The state should require instructional effectiveness to be the preponderant criterion of any teacher evaluation.
Although the state requires student performance data to be a significant factor, New Jersey stops short of requiring that objective evidence of student learning be the preponderant criterion of its teacher evaluations. Districts develop teacher evaluation systems based on the state's framework. Approval is required.
New Jersey now requires that by school year 2013-2014 multiple measures of student achievement be included in a teacher's evaluation score. These measures may include: teacher-set goals for student learning; student performance assessments, including portfolio projects, problem-solving protocols and internships; teacher-developed assessments; standardized assessments; and district-established assessments. Standardized assessments must be used but must not be predominant factor in overall evaluation.
The Commissioner of the Department of Education sets the weights given to components. Each year, weights for the following school year will be posted by April 15.
Weighting must be based on the following parameters. If a teacher receives a median student growth percentile (teachers in tested areas), the student achievement component must be 40 to 50 percent of the rating. If a teacher does not receive a median student growth percentile (nontested area), the student achievement component must be at least 15 percent but not more than 50 percent of the rating. Measures of teacher practice must be at least 50 percent but not more than 85 percent of the rating.
Four rating categories must be used: highly effective, effective, partially effective and ineffective.
Multiple observations are required.
S1455 (2012) 6A:10-4.1
Require instructional effectiveness to be the preponderant criterion of any teacher evaluations.
New Jersey's evaluation system falls short by failing to require that evidence of student learning be the most significant criterion. The state should either require a common evaluation instrument in which evidence of student learning is the most significant criterion, or it should specifically require that student learning be the preponderant criterion in local evaluation processes. This can be accomplished by requiring objective evidence to count for at least half of the evaluation score or through other scoring mechanisms, such as a matrix, that ensure that nothing affects the overall score more. Whether state or locally developed, a teacher should not be able to receive a satisfactory rating if found ineffective in the classroom.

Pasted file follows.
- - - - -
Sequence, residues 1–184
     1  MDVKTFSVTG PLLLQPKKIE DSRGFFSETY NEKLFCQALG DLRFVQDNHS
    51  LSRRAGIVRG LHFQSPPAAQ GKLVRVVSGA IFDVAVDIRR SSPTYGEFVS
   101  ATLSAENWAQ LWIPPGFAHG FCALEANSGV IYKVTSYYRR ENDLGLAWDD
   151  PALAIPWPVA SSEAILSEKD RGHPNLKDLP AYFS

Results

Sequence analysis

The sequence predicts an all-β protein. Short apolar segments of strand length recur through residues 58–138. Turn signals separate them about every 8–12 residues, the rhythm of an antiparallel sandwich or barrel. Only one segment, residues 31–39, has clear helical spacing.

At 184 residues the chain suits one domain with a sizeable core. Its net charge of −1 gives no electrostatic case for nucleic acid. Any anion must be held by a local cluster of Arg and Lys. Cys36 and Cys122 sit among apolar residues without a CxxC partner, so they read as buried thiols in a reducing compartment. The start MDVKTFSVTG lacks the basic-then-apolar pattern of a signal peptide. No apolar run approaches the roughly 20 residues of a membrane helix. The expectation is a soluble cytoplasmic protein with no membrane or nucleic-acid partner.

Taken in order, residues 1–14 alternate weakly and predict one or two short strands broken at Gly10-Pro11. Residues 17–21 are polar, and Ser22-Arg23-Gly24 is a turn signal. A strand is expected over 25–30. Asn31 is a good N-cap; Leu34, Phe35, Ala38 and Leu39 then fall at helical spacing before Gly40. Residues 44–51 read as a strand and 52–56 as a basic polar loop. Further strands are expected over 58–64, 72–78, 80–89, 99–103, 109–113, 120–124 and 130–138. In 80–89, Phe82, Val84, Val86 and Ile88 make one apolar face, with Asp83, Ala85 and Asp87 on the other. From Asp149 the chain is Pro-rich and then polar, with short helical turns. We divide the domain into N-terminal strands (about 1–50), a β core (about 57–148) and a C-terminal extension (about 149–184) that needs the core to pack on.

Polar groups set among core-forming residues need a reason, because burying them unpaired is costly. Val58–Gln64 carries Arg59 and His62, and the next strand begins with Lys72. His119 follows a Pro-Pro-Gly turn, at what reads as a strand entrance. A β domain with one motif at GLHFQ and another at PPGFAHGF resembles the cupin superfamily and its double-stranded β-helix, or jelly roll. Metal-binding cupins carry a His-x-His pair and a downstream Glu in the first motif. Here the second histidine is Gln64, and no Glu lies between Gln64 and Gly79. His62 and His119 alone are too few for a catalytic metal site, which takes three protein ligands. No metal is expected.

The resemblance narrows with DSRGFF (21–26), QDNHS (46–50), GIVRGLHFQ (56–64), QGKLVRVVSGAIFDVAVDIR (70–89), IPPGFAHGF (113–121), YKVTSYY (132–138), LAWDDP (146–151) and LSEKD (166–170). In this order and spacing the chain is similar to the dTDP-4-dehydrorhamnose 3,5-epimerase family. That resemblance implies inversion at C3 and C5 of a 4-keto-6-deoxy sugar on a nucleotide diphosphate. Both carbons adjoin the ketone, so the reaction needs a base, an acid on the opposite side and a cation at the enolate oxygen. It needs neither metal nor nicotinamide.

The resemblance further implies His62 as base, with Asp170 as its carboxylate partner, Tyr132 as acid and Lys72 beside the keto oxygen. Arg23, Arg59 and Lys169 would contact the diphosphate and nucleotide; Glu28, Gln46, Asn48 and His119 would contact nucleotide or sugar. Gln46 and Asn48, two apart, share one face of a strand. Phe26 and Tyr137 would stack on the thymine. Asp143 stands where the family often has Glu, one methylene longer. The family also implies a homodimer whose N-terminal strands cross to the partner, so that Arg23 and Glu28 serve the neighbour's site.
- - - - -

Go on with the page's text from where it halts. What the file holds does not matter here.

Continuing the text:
Further, while it may be wise to proceed with caution in applying measures of student growth to nontested grades and subjects, New Jersey's approach makes it possible for student performance to barely count for these teachers.
Ensure that classroom observations specifically focus on and document the effectiveness of instruction.
Although New Jersey requires classroom observations as part of teacher evaluations, the state should articulate guidelines that focus classroom observations on the quality of instruction, as measured by student time on task, student grasp or mastery of the lesson objective and efficient use of class time.
New Jersey asserted that proposed regulations for school year 2013-2014 require measures of student achievement to comprise 45 percent of the evaluation for teachers of tested grades and subjects. The measure of student achievement for teachers of nontested grades and subjects—student growth objectives (SGOs)—counts for 15 percent of the overall evaluation. This is necessary to allow districts to build capacity to develop and execute high-quality SGOs. New Jersey also included a link to its request for qualification process with eligibility requirements regarding the practice instruments' focus on the effectiveness of instruction.
Teachers should be judged primarily by their impact on students.